An interesting litigation question in a case involving rival transportation companies, Yellow Cab Co. and Uber Technologies Inc.: What can a private company shield as a trade secret when dealing with a government?
The answer: very little, if that information links to payments to a public agency, suggests a state appellate court ruling issued Jan. 10.
Florida policy requires all state, county and municipal records to be open for inspection and copying by anyone. That’s bad news for Uber, which has fought to exclude its files from public and police view. And now, an appellate court has ruled the company must disclose documents detailing its airport trips and what it paid Broward County for that business.
“We’re disappointed by the ruling and we’re evaluating our options,” Uber spokesman Javier Correoso said Friday. “We still haven’t made a decision if we’re going to appeal or not.”
The issue came before the Fourth District Court of Appeal, pitting Uber subsidiary Raiser-DC LLC against Yellow Cab’s B&L Service Inc. in a case over a public records dispute in Broward County. It turned on whether an exemption under Florida law that excludes trade secrets from public records protected Uber from disclosing to Yellow Cab granular information about trips to a public airport and details of its business relationship with Broward County.
“Business competition and a battle between government transparency and entrepreneurial confidentiality lay the foundation for this appeal,” Fourth DCA Judge Melanie May wrote in a unanimous decision with Judges Carole Taylor and Jeffrey Kuntz.
The county charges transportation companies for operating at its air and seaports, and collects information about their trips using transponders and other systems to generate bills. These reports from Uber are at the center of the dispute launched when Yellow Cab issued a public records request in February 2016.
The request was for “all reports or documents” on Uber’s pickups at Fort Lauderdale-Hollywood International Airport, and how much the company had paid or owed the county since October 2015. Uber argued the information was a trade secret that would give its competitor a significant business advantage, if disclosed. It also argued the information was exempt under the Public Records Act. Under a contract with the county that allowed it to protect trade secrets, it blacked out most of the details of its report before releasing the documents to Yellow Cab.
“Uber basically redacted everything, other than the headings,” Yellow Cab’s B&L Service Inc. counsel, Becker & Poliakoff shareholder Mark Stempler, said.
The reports should have contained aggregate and granular data. The aggregate information, according to a description in the appellate court ruling, includes the number of pickups and drop-offs at the airport and seaport, “multiplied by the fee in each of those zones.” Uber says it pays Broward County $3 per airport pickup.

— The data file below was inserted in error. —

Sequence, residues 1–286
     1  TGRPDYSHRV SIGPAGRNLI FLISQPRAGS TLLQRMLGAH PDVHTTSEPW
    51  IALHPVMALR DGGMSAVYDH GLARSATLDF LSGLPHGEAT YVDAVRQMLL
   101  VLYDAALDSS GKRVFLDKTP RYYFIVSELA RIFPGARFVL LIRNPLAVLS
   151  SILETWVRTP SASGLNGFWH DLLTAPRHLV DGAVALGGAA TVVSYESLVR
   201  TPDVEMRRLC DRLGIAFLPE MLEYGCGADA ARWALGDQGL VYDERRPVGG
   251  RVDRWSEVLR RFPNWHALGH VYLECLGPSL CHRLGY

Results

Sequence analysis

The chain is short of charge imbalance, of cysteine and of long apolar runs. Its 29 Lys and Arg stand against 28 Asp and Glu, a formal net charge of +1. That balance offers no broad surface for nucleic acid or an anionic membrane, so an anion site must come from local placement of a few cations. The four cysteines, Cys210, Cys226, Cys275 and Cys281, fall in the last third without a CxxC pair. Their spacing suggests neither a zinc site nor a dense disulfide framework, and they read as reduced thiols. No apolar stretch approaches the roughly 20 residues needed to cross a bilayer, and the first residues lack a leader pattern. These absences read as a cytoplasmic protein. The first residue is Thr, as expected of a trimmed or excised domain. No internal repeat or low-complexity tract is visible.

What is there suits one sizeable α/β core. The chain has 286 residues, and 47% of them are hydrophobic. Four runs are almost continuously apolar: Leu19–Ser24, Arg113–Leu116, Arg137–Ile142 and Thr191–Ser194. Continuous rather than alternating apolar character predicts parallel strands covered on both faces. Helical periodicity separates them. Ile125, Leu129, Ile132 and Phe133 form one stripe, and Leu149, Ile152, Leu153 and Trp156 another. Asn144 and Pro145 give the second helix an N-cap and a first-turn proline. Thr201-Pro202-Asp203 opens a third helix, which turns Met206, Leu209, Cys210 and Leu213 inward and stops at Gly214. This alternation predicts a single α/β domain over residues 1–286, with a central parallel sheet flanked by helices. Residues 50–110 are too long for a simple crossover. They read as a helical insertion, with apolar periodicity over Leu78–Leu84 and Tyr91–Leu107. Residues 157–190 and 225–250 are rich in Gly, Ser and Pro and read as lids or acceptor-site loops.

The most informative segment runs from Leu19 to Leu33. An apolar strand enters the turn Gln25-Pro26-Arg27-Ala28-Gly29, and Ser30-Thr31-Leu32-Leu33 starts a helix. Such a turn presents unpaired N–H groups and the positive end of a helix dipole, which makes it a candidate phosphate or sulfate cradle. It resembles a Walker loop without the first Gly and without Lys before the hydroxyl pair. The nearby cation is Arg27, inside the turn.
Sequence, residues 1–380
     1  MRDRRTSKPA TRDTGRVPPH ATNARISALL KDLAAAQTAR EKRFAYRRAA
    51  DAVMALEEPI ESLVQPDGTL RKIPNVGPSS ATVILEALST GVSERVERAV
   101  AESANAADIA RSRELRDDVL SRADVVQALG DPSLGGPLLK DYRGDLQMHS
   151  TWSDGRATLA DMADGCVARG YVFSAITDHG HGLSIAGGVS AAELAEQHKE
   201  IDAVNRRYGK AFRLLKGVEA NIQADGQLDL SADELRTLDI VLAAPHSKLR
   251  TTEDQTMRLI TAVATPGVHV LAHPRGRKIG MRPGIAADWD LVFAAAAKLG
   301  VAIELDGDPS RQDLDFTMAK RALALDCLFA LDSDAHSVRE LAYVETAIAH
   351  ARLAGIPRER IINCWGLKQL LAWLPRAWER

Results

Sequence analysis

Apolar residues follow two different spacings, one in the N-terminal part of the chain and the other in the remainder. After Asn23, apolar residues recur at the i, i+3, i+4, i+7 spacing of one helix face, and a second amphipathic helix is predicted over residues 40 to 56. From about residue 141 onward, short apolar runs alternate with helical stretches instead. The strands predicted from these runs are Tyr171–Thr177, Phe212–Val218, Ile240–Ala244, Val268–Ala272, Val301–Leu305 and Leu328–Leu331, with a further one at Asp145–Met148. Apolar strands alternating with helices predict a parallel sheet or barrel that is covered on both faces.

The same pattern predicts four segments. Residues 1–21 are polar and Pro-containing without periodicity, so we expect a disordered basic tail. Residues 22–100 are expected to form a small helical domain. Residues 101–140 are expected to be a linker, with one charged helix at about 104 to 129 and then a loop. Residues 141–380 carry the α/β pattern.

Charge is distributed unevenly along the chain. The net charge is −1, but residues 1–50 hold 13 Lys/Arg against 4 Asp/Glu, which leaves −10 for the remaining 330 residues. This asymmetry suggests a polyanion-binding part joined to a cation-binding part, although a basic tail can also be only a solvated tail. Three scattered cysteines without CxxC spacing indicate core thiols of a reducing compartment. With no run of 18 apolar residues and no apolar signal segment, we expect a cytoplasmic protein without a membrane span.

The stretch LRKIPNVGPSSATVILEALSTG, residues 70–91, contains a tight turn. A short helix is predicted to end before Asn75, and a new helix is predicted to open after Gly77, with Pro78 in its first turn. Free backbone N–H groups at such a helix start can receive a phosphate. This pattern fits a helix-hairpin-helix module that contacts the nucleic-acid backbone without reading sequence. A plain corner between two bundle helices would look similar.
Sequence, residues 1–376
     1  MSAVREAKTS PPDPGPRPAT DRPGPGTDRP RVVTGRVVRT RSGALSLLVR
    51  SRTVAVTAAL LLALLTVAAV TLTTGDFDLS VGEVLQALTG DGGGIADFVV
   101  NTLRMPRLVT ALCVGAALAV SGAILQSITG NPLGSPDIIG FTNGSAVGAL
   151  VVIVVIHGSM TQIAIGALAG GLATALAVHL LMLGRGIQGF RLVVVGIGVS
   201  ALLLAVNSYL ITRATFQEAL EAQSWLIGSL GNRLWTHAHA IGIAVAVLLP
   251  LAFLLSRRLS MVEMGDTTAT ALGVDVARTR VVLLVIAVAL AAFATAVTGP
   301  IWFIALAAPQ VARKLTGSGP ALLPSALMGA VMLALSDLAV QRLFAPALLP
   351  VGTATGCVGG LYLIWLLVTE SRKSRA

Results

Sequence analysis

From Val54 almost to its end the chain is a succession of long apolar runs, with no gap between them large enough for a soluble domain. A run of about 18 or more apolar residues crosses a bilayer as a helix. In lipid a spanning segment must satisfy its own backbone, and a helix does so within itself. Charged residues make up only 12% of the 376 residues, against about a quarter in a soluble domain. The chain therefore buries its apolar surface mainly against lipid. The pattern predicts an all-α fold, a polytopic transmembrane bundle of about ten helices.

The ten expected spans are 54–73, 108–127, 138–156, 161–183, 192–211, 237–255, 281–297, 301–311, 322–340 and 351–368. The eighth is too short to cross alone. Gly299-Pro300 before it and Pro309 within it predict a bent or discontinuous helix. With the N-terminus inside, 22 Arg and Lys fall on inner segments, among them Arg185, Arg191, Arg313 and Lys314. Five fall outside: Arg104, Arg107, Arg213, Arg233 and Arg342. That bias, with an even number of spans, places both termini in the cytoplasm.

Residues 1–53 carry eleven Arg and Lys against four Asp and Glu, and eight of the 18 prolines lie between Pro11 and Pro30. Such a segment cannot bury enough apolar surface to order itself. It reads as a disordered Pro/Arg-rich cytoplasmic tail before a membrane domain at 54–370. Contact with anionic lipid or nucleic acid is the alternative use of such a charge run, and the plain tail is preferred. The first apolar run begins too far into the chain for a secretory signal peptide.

The granular data, meanwhile, show information on every pickup and drop-off, including a time stamp, the longitude and latitude, and the first three characters of the driver’s license plate, which identifies the individual.
“Under Florida Law, the intentions are not material. We can seek public records for no reason at all, just by being a member of the public,” Stempler said. “That’s the purpose of the public records law … to open the government up. It’s a function of transparency.”
Yellow Cab argued it—and everyone else—was entitled to view the reports.
The appellate court agreed.
“In short, the total number of pickups and the fees paid to Broward County do not meet the definition of trade secrets,” May wrote.
Then in a footnote: “The dollar figure, along with the number of pickups, does not reveal Uber’s fare pricing or revenue. Payment to the driver, cost to the rider and revenue to the company differ for each of Uber’s services. Without knowing the level of service provided, a competitor would not know the type of riders being serviced. Nor does the monthly fee to the county and the total number of pickups reveal the number of miles traveled or the duration of each pickup.”
Yellow Cab’s attorneys at Becker & Poliakoff applauded the decision.
“You can’t keep secret money that is paid to a governmental agency in the state of Florida,” Becker & Poliakoff shareholder Allen Levine said. “That’s the Government in the Sunshine (policy), which is exactly what the appellate court held.”
Alyssa M. Reiter and Jordan S. Cohen of Wicker Smith O’Hara McCoy & Ford in Fort Lauderdale represented Uber.